The aim of the European AGFORWARD project is to promote agroforestry practices that advance rural development and generate both economic and ecological benefits. Existing research indicates that agroforestry methods are a key avenue to helping the EU achieve more sustainable food and fibre production. This benefits farmers as well as the environment.
Successful and sustainable agroforestry practices are best developed by farmers and land owners working in partnership with researchers and extension staff. AGFORWARD therefore uses a participatory approach. This means that questions arising from practice form the starting point of our research. For example, we are exploring and analysing different agroforestry systems in Europe and assessing their effectiveness and economic profitability. We are also investigating how agroforestry practices can be further promoted through policy measures and legislation
Investigating different forms of agroforestry
In AGFORWARD, we are exploring and analysing different agroforestry systems in Europe and assessing their effectiveness and economic profitability. We are also investigating how agroforestry practices can be further promoted through policy measures and legislation. The project is organised into nine work packages:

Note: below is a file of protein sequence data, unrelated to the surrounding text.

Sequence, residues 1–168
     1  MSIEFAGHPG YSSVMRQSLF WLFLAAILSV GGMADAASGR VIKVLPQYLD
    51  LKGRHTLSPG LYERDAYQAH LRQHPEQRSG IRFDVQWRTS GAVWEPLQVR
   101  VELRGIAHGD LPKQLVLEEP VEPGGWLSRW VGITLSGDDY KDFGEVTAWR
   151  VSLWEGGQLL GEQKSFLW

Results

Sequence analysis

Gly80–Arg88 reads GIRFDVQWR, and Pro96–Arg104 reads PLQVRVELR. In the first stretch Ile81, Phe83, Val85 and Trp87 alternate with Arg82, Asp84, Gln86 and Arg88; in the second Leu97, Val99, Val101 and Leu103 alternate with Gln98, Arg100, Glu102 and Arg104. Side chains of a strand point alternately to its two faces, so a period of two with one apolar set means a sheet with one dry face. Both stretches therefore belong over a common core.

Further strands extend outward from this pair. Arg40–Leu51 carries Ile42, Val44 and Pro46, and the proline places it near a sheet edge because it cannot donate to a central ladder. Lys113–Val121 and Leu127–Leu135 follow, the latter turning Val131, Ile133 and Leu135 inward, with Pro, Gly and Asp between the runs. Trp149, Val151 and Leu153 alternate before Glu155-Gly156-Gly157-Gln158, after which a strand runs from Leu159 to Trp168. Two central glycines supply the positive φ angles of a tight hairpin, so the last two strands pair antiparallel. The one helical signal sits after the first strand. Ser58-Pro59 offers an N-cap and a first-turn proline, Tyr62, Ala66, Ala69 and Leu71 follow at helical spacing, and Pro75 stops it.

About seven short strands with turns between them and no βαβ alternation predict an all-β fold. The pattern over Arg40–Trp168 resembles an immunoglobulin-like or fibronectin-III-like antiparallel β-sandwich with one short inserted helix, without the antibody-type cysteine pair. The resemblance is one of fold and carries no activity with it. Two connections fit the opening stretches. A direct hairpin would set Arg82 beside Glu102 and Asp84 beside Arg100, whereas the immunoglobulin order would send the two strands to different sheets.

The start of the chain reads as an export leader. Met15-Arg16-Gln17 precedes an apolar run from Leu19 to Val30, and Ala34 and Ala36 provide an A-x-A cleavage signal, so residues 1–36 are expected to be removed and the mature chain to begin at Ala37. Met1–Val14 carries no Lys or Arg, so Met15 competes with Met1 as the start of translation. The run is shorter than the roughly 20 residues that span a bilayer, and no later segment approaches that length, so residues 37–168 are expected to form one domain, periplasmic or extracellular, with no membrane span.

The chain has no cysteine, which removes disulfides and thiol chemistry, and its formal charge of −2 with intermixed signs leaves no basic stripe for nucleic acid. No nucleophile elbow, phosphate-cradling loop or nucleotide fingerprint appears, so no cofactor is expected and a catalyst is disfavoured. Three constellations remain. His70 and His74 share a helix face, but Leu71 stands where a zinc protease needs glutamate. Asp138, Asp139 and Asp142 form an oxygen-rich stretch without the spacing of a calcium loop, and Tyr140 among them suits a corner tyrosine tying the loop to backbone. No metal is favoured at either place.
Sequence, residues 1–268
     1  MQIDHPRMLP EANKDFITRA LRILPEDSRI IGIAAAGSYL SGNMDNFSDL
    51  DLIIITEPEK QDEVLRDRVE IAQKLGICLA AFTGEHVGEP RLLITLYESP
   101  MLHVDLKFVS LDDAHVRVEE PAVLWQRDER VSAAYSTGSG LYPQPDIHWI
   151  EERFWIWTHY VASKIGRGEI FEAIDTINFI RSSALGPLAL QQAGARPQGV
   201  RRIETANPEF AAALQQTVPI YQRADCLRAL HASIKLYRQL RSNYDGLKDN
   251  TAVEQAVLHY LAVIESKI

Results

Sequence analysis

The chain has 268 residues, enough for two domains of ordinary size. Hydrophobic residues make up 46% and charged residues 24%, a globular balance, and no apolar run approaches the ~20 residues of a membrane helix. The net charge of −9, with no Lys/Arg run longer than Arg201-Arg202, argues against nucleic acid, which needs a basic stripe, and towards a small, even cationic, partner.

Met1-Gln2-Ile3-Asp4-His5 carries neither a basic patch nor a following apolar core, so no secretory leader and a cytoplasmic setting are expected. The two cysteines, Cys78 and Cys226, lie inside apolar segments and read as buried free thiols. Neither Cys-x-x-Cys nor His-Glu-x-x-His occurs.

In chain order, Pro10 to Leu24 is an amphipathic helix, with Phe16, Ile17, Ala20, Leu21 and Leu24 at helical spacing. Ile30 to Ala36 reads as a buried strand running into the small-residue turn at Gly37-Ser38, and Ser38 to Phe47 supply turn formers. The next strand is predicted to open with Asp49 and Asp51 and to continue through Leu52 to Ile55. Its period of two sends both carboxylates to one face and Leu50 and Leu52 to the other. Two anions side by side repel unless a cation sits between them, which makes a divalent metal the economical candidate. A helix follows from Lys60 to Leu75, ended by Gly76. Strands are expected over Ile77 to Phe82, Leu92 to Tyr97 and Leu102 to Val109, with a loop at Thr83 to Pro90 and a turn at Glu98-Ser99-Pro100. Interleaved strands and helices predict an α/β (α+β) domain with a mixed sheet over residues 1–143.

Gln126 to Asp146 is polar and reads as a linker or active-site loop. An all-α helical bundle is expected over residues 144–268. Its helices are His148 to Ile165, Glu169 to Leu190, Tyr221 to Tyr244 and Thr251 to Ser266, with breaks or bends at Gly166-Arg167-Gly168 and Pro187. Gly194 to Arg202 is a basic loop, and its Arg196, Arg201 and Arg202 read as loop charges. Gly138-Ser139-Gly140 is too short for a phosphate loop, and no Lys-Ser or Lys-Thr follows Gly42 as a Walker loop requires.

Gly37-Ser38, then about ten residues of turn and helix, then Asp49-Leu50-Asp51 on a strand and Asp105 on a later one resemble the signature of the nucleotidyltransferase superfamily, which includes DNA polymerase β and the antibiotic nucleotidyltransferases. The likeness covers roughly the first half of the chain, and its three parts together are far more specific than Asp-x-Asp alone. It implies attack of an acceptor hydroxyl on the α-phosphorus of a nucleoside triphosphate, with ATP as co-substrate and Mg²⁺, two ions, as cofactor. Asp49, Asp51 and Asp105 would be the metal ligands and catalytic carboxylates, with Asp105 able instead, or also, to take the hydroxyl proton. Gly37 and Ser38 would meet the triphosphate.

1) Existing agroforestry systems in Europe;
2) Agroforestry systems of high cultural and natural value;
3) Agroforestry for high quality tree systems;
4) Agroforestry for arable farmers;
5) Agroforestry for livestock farmers;
6) Field and farm-scale evaluations;
7) Landscape-scale evaluations;
8) Agroforestry policy development;
9) Dissemination of results and knowledge.
AGFORWARD research activities in the Netherlands focus on the multifunctional integration of trees and shrubs into livestock farming systems (poultry, goats, dairy cows).
AGFORWARD (AGroFORestry that Will Advance Rural Development) is a four-year project (2014-2017) funded by the European Union's Seventh Framework Programme for Research and Technological Development (FP7). The project involves researchers from 17 European countries and two international organisations. The Louis Bolk Institute and the 'Dune Farmers' foundation are the project partners in the Netherlands.